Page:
Wednesday, September 28, 2016

A Story About Curiosity

“When confronted with an observation, you should immediately generate at least five questions that challenge said observation.” So said my graduate school Oceanography professor as part of scientist training 101, but it might as well have been Ada Twist, the naturally curious investigator from Ada Twist, Scientist (Abrams Books for Young Readers, ISBN 1419721372)

The picture book written by Andrea Beaty and illustrated by David Roberts, the team that brought us Iggy Peck, Architect and Rosie Revere, Engineer, is about a little girl born with an enquiring mind. Ada doesn’t say a word for her first three years. She observes, she explores, but she doesn’t speak. When she finally says what is on her mind, her family discovers that her mind is full of questions.  She starts with Why? and then moves on to What? How? and When? But Ada doesn’t settle for just asking, she experiments and leaves chaos in her wake. A stinky mystery finally focuses her labors on one goal, but her unorthodox methods frustrate her parents who put a stop to her experiments. Watch the book trailer here:

Ada Twist, Scientist is about perseverance. Ada is determined to find answers to her questions, especially the source of the stink she comes across. The main message, however, is about curiosity and about having a passion for observing and learning about the world around us. It is a scientist’s imperative to ask questions, but you don’t have to have a science degree to wonder and research and learn.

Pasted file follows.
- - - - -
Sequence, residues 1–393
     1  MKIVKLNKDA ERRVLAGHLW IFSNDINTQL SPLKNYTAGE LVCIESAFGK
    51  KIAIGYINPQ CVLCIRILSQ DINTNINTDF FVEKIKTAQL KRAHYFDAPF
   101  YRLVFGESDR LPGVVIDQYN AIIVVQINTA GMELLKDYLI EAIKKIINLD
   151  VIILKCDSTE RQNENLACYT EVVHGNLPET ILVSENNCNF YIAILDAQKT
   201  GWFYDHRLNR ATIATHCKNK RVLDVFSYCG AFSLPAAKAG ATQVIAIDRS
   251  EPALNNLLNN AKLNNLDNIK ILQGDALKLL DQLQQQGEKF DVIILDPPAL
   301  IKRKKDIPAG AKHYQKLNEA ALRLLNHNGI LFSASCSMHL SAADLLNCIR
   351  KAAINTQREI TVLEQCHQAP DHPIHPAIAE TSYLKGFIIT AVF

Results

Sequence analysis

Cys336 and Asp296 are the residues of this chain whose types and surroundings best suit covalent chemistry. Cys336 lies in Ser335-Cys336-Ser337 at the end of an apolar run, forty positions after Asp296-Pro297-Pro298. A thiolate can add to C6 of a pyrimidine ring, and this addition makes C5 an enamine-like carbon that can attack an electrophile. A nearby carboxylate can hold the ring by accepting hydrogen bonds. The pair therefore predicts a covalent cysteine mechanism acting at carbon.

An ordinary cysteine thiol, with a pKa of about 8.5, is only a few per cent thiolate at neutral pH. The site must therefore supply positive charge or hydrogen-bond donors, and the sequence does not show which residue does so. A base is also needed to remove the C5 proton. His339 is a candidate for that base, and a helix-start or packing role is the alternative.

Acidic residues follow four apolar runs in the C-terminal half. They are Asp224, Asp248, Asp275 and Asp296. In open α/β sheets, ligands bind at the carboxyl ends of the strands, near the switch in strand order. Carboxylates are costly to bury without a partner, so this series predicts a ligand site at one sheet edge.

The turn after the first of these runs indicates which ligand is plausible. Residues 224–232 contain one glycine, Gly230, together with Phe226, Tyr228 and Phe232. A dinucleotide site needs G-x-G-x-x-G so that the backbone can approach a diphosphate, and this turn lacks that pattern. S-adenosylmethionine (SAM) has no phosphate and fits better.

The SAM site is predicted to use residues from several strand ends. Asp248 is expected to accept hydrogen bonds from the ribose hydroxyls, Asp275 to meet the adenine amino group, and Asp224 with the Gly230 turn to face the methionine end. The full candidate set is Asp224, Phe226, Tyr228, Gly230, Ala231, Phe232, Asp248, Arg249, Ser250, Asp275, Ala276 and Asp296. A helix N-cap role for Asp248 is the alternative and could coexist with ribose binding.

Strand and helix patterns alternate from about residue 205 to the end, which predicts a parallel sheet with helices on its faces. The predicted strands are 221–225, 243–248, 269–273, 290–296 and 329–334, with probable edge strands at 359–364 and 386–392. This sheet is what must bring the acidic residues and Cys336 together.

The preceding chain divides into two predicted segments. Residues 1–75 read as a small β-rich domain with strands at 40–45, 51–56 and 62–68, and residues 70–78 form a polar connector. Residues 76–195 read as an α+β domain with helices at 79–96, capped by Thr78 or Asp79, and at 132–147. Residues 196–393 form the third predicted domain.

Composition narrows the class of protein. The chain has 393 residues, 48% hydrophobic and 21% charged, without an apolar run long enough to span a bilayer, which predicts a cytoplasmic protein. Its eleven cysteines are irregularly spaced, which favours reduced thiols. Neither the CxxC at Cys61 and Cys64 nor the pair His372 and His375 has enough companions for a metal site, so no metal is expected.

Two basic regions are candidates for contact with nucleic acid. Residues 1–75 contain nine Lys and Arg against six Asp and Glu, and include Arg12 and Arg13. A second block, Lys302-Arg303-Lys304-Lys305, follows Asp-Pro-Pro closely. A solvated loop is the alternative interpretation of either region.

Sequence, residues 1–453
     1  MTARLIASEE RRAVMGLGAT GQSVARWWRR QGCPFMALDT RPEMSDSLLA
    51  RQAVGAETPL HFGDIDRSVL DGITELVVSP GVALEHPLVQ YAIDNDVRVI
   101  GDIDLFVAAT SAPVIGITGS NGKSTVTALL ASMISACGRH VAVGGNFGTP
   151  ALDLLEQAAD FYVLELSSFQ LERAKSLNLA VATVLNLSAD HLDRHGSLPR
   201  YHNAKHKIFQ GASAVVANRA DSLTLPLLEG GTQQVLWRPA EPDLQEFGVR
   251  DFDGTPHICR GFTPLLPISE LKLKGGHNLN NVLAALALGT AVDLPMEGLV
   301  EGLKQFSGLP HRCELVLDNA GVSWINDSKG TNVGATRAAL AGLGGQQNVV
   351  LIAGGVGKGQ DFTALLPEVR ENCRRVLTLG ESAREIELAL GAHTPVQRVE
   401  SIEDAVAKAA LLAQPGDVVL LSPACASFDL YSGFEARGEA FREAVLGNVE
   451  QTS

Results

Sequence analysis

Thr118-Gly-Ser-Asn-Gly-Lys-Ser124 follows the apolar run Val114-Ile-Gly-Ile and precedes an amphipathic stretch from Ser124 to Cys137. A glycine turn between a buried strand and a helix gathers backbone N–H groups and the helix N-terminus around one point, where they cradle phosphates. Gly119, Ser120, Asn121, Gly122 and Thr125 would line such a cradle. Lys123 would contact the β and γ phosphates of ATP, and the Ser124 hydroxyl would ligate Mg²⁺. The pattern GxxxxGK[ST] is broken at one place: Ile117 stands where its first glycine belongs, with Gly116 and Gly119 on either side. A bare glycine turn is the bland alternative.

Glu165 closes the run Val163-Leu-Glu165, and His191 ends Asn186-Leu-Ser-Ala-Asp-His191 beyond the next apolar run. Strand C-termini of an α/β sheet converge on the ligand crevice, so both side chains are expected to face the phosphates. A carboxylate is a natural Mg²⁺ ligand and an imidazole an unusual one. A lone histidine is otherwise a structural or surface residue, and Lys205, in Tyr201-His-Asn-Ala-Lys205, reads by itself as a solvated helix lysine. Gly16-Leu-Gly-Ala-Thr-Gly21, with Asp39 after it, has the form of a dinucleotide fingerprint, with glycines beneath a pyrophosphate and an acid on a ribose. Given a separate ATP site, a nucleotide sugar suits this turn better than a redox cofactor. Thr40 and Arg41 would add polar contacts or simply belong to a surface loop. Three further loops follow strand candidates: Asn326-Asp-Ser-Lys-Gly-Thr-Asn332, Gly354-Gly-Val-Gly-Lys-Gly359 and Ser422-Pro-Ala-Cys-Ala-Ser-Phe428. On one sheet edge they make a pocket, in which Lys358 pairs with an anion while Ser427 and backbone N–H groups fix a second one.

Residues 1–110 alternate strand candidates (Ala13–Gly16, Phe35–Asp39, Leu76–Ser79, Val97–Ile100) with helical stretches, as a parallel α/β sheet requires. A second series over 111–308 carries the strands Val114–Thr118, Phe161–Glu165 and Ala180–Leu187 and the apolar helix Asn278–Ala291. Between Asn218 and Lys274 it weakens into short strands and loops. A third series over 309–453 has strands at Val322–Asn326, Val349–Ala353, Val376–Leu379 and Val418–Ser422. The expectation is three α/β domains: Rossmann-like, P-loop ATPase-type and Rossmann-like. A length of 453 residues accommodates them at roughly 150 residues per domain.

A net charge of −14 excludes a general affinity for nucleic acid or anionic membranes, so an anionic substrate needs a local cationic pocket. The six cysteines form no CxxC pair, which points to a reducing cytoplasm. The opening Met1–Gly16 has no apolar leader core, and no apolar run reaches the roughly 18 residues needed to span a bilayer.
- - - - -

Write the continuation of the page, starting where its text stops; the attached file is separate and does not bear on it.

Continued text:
The illustrations add to the humor of the story. Ada looks surprised that her parents don’t want her climbing the clock. Her brow is always raised in a questioning expression and her parents look like they are at their wits' end. Her classmates do exactly what my students would do if someone dropped a Mentos in a bottle of soda in the classroom.

I love the solution that Ada and her parents find and I love that science is depicted as a passion and a journey that is constantly renewed by the simple act of being curious and asking questions.

This book could definitely spark a discussion about the scientific method and which parts Ada used, as well as a discussion on how the process of inquiry can help solve problems in any area of life.

Check back on Friday for more books about curiosity.

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